10th November 2016
-By Tim Carter-
On Tuesday night, like most people (I jest, most people were tucked up in bed), I sat with my TV switched to the BBC’s news channel, staring at the US electoral map, checking social media and US news feeds. It was a long night.
First I convinced myself we had to wait for swing states; then it was the west coast big numbers; then it was a belief, or was it hope, that the Democrat barricade would hold. In the end I wasn’t even kidding myself. Trump had won and he had won big. He now holds a very powerful hand with enough support to do pretty much as he likes.
This morning a lot of my friends woke up feeling anger. Some were in tears and many spoke of fears about what the future holds.
But what is happening now in politics didn’t start last night or last year and those calling the electorate stupid (or worse) are, probably without realising it, highlighting one of the key issues we need to address.
Away from that we must always remember that democracy doesn’t always give the results you want as an individual but it is far better than the alternatives.
President Trump will become a reality in January and if he keeps his word then his first day will see executive orders stripping away many of Obama’s orders. Some of them will hit those in need of protection and refuge. Others aimed at the gun lobby will probably include removing gun-free zones in schools.
But how did we get here?
The reaction to the Trump victory by many ‘on the left’ has been sadly predictable. When they are not busy claiming voters are stupid or that voters were duped, they resort to blaming the establishment politicians or suggesting that we need ‘a real left wing alternative’, whatever that is.
Does that sound similar? It should because there was the same reaction to Brexit.
But the left have to share some of the blame.
If you encourage people to hate the establishment surely you can’t be surprised when people vote for someone with that message.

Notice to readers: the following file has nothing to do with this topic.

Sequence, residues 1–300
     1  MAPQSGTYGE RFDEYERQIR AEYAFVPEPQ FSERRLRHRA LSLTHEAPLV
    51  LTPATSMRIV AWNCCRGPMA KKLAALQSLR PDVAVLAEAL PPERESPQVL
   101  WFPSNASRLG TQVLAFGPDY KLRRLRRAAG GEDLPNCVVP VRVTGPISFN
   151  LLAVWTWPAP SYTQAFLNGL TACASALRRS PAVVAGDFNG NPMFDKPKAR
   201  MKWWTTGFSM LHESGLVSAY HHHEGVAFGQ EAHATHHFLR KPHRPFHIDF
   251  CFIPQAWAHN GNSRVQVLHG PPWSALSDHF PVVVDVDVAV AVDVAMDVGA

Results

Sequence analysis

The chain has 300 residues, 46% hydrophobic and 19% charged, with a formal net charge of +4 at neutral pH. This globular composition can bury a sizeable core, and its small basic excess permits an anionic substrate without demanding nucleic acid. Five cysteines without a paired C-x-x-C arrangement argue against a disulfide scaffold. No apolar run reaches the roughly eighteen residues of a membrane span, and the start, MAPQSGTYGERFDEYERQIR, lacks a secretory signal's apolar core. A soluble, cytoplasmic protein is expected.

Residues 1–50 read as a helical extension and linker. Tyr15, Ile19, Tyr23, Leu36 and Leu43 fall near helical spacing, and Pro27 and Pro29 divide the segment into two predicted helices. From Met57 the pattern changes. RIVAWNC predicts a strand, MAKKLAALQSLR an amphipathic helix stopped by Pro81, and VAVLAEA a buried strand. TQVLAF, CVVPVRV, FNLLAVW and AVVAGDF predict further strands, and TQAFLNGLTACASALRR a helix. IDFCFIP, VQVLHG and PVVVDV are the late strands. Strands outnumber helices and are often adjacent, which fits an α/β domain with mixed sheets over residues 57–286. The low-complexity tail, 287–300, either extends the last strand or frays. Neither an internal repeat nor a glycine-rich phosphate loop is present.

If you spend years blaming bankers for everything – and if voters flock to someone with that message – then you must also share the burden of blame.
If you lead marches claiming politics is broken and urge people to vote for ‘a different way of doing politics’ again don’t be surprised when they do.
When you weaponise abuse & hate you don’t control who uses that weapon. But you created it so you have to accept the responsibility for it and understand that others will use it.
I am sure that many will disagree but I believe that Corbyn, Farage, Brexit and Trump are linked and that they all feed on the same thing. They feed on a message that is at its most base a message of fear and loathing.
They have created monsters out of bankers, politicians, institutions and pushed hate and fear in equal measures.
So we now have people, including Richard Burgon MP, citing Clinton’s closeness to bankers as her downfall – in doing so they are endorsing one of Trump’s key messages. A bit of a strange thing for a Labour former Shadow City Minister to do, but of course as long as it is an attack on ‘the establishment’ Richard Burgon MP and his type of politician doesn’t mind. They are encouraging hate. Their message is clear – vote against systems, vote against bankers, vote against pharmaceutical research. Vote against success!